E-Pluribus | January 31, 2024
Literally and seriously; jailed for journalism; and the far right's appeal to men.
A round-up of the latest and best musings on the rise of illiberalism in the public discourse:
Andrew Sullivan: The Tyrant Who Is Also A Joker
Back in 2016, Salena Zito famously (or infamously, depending on your viewpoint) wrote in The Atlantic, “When [Trump] makes claims like this, the press takes him literally, but not seriously; his supporters take him seriously, but not literally. Writing at his Substack, The Weekly Dish, Andrew Sullivan takes Trump (as he did in 2016) both literally and seriously, but with some caveats, and with almost eight years of hindsight.
Just how seriously are we supposed to take Donald Trump?
It’s been the central question of these past several years: whether Trump is tragedy or farce or some hideous combination of each. He talks like a dictator, acts like a mafia boss, and is straight out of central casting for the strongman who often emerges as democracies decline. But is he actually one? Or is this all cosplay? Since it is more likely than not that he is going to be president next January, it may be time to think this through one more time.
Here is, roughly, the case for taking him less seriously as a threat this time than in 2016. Looking back at my essay on the threat of tyranny eight years ago, I think the core analysis of democratic decline holds up, as does my diagnosis of Trump’s deranged psyche. But it behooves me to note that the specific Trump promises I found most alarmingly authoritarian were the following: his pledge to round up and deport all 11 million illegal immigrants; a ban on all Muslim immigrants; death threats to his political opponents; prosecution of Hillary Clinton; and a pledge to legalize torture in US warfare.
After four years in office, these fears — apart from the persistent rhetorical menacing of his opponents — were not borne out. He was bluffing, it turns out. On all the most substantive, authoritarian promises, he caved.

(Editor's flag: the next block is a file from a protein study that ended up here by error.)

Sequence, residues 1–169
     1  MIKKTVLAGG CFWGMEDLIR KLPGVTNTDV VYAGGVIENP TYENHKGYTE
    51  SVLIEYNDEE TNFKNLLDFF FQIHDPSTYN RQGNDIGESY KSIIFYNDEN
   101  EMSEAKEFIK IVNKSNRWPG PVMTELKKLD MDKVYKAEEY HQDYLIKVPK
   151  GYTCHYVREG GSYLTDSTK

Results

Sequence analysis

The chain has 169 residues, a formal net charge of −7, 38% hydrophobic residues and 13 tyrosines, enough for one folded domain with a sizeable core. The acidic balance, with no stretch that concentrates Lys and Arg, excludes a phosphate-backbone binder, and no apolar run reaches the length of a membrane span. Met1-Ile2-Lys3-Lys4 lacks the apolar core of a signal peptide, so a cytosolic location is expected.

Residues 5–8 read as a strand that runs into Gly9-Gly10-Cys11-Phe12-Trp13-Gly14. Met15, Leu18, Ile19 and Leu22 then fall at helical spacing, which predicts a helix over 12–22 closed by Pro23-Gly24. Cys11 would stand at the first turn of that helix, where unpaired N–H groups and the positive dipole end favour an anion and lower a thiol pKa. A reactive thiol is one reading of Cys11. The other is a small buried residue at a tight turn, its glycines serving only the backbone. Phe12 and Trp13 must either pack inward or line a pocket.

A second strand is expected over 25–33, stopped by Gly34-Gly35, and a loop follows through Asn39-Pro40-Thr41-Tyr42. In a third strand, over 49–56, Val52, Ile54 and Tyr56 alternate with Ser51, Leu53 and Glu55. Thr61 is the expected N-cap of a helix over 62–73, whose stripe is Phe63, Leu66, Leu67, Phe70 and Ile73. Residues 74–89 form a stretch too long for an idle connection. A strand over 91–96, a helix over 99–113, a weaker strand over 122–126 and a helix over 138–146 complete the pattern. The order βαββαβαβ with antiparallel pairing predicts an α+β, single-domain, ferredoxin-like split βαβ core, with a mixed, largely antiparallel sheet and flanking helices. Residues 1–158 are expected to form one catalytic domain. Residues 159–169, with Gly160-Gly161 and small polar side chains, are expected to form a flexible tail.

[. . .]
The two areas where Trump acted as badly as I feared were in defending himself from various legitimate investigations, where he revealed his contempt for the rule of law, even when it (partially) exonerated him; and his refusal to accept the results of the 2020 election, which he had telegraphed in advance. But notice what these two deeply anti-democratic actions had in common: they were not ways to impose his actual power on anyone; they were designed solely to protect his ego, to ensure he could never be seen as having lost. His narcissism is so extreme that he would sacrifice the entire republic just to sustain his own vision of being The Greatest of All Presidents.
January 6 brings all this together. Did he seriously think he was going to prevent certification, and remain as president? Seriously? Was it a genuine insurrection — an attempted coup, supported by a plurality in the country, secretly backed by rogue elements in the military and a majority in the Congress and the Court — that could have kept Trump in power? Or was it a coordinated but bizarre riot that got out of control, to support a coup based on a theory concocted by a bunch of fringe nutters, with no serious support from any other relevant actor?